Amazon's playbook for upending healthcare just got a lot clearer - here's why it should terrify the pharmacy industry

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Amazon's playbook for upending healthcare  just got a lot clearer - here's why it should terrify the pharmacy industry

Jeff Bezos

Drew Angerer / Getty Images

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  • Amazon just signaled its intent to get into the pharmacy business through the acquisition of a startup called PillPack.
  • News of the acquisition sent pharmacy stocks into a frenzy.
  • The acquisition makes Amazon's healthcare playbook a lot clearer, giving the company the ability to mail prescriptions around the US.

After more than a year of speculation, Amazon just gave a clear indication that it's interested in getting into the pharmacy business.

On Thursday, it acquired PillPack, a small startup that mails prescriptions to people that take multiple medications. The news sent a whole host of pharmacy and drug wholesaler stocks tumbling.

For Amazon, that clears up a couple of hurdles that had previously hindered its ability to get into the pharmacy market. PillPack's physical pharmacy is located in Manchester, New Hampshire, and the startup can ship medication anywhere in the US with the exceptions of Hawaii and Puerto Rico. Amazon had applied for some wholesale pharmacy licenses in the past but those ambitions hit a snag in December 2017 when its Maine license had been canceled.

PillPack has also already figured out the logistics of how to distribute medications in complex cases where patients may have multiple prescriptions.

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Once the deal closes, Amazon could potentially start selling prescription drugs directly through its site, delivering them via mail and impacting retail pharmacies.

Back in February, Bernstein analyst Lance Wilkes laid out the three possible ways Amazon could get into healthcare.

  • Amazon could purchase a pharmacy benefits manager, an organization responsible for negotiating lower prices for prescriptions.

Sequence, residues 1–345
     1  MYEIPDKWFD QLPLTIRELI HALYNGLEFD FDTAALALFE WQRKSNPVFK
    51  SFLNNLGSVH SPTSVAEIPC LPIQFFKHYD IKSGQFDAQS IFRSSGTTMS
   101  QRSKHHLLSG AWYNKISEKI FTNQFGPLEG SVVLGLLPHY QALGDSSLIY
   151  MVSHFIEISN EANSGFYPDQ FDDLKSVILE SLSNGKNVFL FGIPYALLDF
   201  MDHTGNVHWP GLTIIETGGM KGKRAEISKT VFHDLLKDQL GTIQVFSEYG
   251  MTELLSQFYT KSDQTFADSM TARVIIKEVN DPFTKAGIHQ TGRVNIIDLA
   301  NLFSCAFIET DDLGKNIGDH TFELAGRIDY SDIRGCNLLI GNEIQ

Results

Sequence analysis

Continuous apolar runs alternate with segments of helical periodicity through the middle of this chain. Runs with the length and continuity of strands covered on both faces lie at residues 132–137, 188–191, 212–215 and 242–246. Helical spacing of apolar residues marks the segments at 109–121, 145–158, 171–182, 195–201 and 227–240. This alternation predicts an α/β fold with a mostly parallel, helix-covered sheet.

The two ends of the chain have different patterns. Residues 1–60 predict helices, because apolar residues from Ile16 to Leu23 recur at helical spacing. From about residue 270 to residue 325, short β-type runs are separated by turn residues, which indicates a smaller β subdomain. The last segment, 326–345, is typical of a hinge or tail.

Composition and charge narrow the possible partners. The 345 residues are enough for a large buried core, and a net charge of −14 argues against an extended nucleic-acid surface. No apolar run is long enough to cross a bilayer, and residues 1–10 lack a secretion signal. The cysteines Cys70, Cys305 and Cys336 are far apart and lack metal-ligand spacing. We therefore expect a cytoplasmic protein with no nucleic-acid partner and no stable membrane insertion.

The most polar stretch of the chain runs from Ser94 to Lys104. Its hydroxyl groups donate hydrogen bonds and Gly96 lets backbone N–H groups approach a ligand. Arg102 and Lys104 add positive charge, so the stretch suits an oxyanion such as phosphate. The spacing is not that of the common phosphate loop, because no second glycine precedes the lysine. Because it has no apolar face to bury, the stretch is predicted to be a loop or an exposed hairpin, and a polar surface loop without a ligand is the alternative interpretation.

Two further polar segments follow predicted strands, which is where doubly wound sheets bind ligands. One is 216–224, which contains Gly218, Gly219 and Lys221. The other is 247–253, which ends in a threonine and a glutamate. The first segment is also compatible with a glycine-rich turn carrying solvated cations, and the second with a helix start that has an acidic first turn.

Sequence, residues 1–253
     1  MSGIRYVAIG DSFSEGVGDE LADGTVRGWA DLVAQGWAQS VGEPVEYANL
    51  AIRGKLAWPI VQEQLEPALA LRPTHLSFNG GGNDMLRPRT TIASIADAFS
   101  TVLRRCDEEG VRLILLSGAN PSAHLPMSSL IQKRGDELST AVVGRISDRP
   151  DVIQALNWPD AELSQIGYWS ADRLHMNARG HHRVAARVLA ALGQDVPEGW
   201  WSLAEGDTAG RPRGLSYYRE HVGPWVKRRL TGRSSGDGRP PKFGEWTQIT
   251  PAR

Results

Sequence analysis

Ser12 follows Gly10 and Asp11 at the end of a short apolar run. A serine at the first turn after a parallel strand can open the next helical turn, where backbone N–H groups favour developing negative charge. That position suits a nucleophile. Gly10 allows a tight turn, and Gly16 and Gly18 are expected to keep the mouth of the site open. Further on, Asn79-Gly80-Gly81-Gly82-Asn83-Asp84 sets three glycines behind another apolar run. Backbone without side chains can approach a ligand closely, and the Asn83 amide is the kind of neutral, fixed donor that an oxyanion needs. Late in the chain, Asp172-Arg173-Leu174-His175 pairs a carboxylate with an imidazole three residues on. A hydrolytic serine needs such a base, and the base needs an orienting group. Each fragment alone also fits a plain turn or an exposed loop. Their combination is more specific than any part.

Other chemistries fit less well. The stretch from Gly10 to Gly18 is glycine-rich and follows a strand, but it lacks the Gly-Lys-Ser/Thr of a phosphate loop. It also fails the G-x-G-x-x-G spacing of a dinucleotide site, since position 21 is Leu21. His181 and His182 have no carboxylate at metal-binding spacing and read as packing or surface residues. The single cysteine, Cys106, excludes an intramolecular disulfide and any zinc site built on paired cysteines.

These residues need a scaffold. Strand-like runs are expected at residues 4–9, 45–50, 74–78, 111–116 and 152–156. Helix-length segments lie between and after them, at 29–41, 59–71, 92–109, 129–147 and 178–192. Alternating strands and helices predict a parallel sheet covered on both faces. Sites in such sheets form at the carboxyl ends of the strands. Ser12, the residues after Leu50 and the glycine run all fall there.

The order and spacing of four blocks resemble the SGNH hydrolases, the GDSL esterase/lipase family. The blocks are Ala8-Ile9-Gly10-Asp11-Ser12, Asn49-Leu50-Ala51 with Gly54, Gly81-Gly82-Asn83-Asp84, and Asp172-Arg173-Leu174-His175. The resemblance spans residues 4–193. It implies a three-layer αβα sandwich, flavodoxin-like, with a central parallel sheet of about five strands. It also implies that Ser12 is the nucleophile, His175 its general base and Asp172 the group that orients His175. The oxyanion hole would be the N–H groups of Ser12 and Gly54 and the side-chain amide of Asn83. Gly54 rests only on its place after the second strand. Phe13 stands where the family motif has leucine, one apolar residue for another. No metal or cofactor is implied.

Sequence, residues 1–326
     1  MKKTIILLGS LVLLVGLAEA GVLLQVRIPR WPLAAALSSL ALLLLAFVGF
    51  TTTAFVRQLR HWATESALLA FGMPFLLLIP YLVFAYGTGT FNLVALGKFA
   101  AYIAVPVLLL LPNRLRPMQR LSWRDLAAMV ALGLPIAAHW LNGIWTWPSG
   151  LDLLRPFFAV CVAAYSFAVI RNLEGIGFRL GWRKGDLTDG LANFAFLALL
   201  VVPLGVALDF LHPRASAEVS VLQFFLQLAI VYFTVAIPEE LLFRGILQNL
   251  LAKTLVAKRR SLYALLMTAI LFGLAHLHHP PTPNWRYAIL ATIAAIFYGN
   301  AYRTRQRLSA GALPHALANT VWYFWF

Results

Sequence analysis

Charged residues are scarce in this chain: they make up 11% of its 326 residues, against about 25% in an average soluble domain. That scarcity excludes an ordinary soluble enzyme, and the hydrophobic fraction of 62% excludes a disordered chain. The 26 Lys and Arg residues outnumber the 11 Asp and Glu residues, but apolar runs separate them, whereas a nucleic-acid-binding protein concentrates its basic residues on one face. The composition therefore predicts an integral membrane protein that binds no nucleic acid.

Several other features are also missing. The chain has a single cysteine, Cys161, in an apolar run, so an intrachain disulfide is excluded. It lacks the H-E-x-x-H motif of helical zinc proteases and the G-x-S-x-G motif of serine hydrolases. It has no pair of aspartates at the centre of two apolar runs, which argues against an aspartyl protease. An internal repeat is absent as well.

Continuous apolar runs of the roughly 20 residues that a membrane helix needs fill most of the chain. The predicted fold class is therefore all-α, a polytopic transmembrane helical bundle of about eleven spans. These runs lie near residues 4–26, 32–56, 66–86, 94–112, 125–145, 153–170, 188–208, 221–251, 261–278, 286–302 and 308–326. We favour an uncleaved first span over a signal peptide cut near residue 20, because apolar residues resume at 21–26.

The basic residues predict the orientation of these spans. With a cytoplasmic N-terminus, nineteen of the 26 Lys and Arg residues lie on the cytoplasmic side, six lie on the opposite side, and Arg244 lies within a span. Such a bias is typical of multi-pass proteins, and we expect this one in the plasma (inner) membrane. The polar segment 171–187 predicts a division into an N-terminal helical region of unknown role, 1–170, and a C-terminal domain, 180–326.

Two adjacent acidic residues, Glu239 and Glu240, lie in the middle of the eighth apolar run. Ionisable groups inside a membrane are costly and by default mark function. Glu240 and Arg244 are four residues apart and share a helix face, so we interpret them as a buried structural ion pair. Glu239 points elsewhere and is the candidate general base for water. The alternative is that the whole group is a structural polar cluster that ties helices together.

• Amazon could partner with another healthcare organization to be the mail order portion of a health plan, like for example working with UnitedHealthcare's OptumRx PBM division.
  • And it could also go it alone and just create its own mail-order system and sells that to employers who can add it to their health benefits.

The PillPack acquisition most closely aligns with the idea of Amazon going at it alone - though instead of building a mail-order system from scratch, Amazon can now theoretically just plug in PillPack.

Amazon's joint venture with JPMorgan and Berkshire Hathaway could also lend itself to the strategy of working directly with employers.

By banding these three self-insured employers together, Amazon's roadmap into the prescription drug business might not have to rely on partners or acquisitions of pharmacy benefits managers. Instead, Amazon could have leverage to convince employers, starting with these three organizations, to buy into Amazon's mail service.

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The approach of working with employers could put pharmacy benefit managers like Express Scripts and CVS in a tough spot. If employers decide to build their own transparent PBM, they might rely less on Express Scripts' services. National account employers make up about 21% of Express Scripts' gross margin, according to Bernstein.

Wholesalers, which are in charge of shipping drugs to pharmacies and hospitals, for their part have been feeling the effects of Amazon's announcement Thursday. The three largest wholesalers, Cardinal Health, AmerisourceBergen, and McKesson all fell by more than 5% on Thursday. While PillPack isn't a wholesaler, it is something that Amazon, with its distribution expertise, could tackle next. These companies could face direct competition from Amazon if it chooses to distribute prescription drugs.

On the retail pharmacy side, if Amazon with the help of PillPack can send along prescriptions in the mail, it might mean a lot less foot traffic for brick-and-mortar pharmacies. If patients could get their medications shipped directly from Amazon, that could hurt the retail pharmacy business.

Robert Handfield, a professor of supply-chain management at North Carolina State University, told Business Insider in October 2017 that the actual amount of money prescriptions bring into pharmacies isn't all that much. What makes pharmacies a booming business is what else people buy while they come to a pharmacy - snacks, drinks, beauty products, etc.

Say that prescription portion went online. It would be much harder for retail pharmacies to compete with convenience stores, grocery stores and anyone else selling candy bars and deodorant, and much of which Amazon is already selling. In June, CVS announced its plans to offer a delivery service for prescriptions, a move that could buffer itself from some of the effects of Amazon.

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"PillPack's visionary team has a combination of deep pharmacy experience and a focus on technology," Jeff Wilke, Amazon's CEO of worldwide consumer, said in a release. "PillPack is meaningfully improving its customers' lives, and we want to help them continue making it easy for people to save time, simplify their lives, and feel healthier."

While it remains to be seen exactly how that plays out, one thing's clear: With Amazon officially in the game, the pharmacy industry is in for a shake-up.

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